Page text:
Which leads me to the boy, “Snake.” I really didn’t like the romance. Snake continues to pursue her even though she tells him she hates him and insults him pretty much every time she sees him. I also felt that Snake was way too pushy about their relationship. He literally grabs her at one point and she asks him to let her go, and he doesn’t? I guess it was supposed to be a cute, quirky part of their relationship, their banter and “I don’t give a shit” attitudes about the “uselessness of our condition,” but to be honest, it didn’t come across on the page for me. Maybe it did for other readers, and again, maybe high school readers will feel differently about this book. I just personally didn’t find it funny or endearing, and I didn’t connect with the characters at all. I wanted to stop reading, but a few reviewers mentioned that it got better as the book went on.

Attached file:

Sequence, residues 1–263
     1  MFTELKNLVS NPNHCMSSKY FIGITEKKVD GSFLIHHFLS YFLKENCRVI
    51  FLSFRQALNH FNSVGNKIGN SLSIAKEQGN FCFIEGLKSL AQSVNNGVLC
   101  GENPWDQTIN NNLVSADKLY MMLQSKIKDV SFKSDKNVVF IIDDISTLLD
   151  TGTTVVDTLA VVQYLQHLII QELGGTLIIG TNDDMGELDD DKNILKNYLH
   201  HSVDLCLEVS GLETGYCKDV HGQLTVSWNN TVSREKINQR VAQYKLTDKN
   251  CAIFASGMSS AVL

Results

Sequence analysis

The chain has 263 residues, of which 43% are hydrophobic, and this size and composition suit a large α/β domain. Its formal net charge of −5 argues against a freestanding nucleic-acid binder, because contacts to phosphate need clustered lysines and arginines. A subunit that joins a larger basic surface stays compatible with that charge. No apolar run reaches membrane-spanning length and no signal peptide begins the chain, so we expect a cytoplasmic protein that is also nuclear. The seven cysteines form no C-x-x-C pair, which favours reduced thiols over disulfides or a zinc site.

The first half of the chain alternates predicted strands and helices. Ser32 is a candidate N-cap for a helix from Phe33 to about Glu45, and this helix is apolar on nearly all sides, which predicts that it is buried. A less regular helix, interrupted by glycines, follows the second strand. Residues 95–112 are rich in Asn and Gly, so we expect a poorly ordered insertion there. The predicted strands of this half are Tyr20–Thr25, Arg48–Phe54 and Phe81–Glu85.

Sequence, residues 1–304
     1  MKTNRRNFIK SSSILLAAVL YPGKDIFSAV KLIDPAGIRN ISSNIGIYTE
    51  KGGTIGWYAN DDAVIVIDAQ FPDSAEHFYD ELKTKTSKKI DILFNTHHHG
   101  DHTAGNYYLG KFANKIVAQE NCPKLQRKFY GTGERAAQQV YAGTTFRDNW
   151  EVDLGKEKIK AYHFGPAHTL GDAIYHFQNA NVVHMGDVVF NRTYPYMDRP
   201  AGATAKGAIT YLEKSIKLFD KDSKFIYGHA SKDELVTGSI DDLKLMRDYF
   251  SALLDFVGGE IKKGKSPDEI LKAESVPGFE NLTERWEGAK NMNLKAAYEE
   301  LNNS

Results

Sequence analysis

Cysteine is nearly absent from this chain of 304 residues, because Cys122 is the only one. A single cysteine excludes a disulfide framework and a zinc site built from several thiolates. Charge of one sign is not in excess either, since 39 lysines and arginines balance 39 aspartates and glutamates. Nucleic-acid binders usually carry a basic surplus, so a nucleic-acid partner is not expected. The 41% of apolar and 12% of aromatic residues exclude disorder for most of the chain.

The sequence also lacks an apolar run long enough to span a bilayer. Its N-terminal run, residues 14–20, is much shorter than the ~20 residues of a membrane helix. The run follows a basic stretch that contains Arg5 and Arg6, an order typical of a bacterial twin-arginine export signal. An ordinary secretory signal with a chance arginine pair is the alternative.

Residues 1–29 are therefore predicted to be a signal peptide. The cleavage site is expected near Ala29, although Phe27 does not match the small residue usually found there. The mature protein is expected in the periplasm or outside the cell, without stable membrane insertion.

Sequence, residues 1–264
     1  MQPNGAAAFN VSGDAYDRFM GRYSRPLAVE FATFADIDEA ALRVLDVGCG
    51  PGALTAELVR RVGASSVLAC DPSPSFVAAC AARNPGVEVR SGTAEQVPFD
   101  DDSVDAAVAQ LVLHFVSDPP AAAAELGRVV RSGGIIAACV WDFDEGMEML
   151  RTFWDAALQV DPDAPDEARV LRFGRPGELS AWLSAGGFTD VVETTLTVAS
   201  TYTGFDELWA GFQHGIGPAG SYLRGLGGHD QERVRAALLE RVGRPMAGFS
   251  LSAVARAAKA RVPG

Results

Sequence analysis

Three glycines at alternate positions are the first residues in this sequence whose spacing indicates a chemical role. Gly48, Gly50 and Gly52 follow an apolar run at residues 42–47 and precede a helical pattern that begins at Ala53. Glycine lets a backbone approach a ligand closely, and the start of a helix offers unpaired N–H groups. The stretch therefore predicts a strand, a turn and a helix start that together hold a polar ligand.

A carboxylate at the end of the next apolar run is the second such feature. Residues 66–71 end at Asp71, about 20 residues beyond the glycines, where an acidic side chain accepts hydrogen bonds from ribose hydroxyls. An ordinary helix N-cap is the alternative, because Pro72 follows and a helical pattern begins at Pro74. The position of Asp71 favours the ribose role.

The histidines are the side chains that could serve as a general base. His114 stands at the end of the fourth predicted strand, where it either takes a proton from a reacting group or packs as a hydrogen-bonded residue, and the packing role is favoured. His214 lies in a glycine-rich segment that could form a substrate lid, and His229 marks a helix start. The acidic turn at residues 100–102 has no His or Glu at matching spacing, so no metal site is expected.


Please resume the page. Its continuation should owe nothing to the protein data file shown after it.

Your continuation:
At one point, Snake literally told Reggie, “You were wrecked before you met me . . . it suits you though.” Which, in my opinion, felt a bit off. I wouldn’t say it’s romanticizing mental illness in any way, but I definitely got the sense that Snake and Reggie held this superior attitude because of their illness. I don’t know. Maybe I’m hyper sensitive to it, but I didn’t enjoy this book.

I agree with other reviewers that I think people will like or maybe even love this book, and I’m sure people will be able to relate to it, so it isn’t really a one star for me. I also think the author is a talented writer; the characters just weren’t for me.

the-hate-u-give-angie-thomas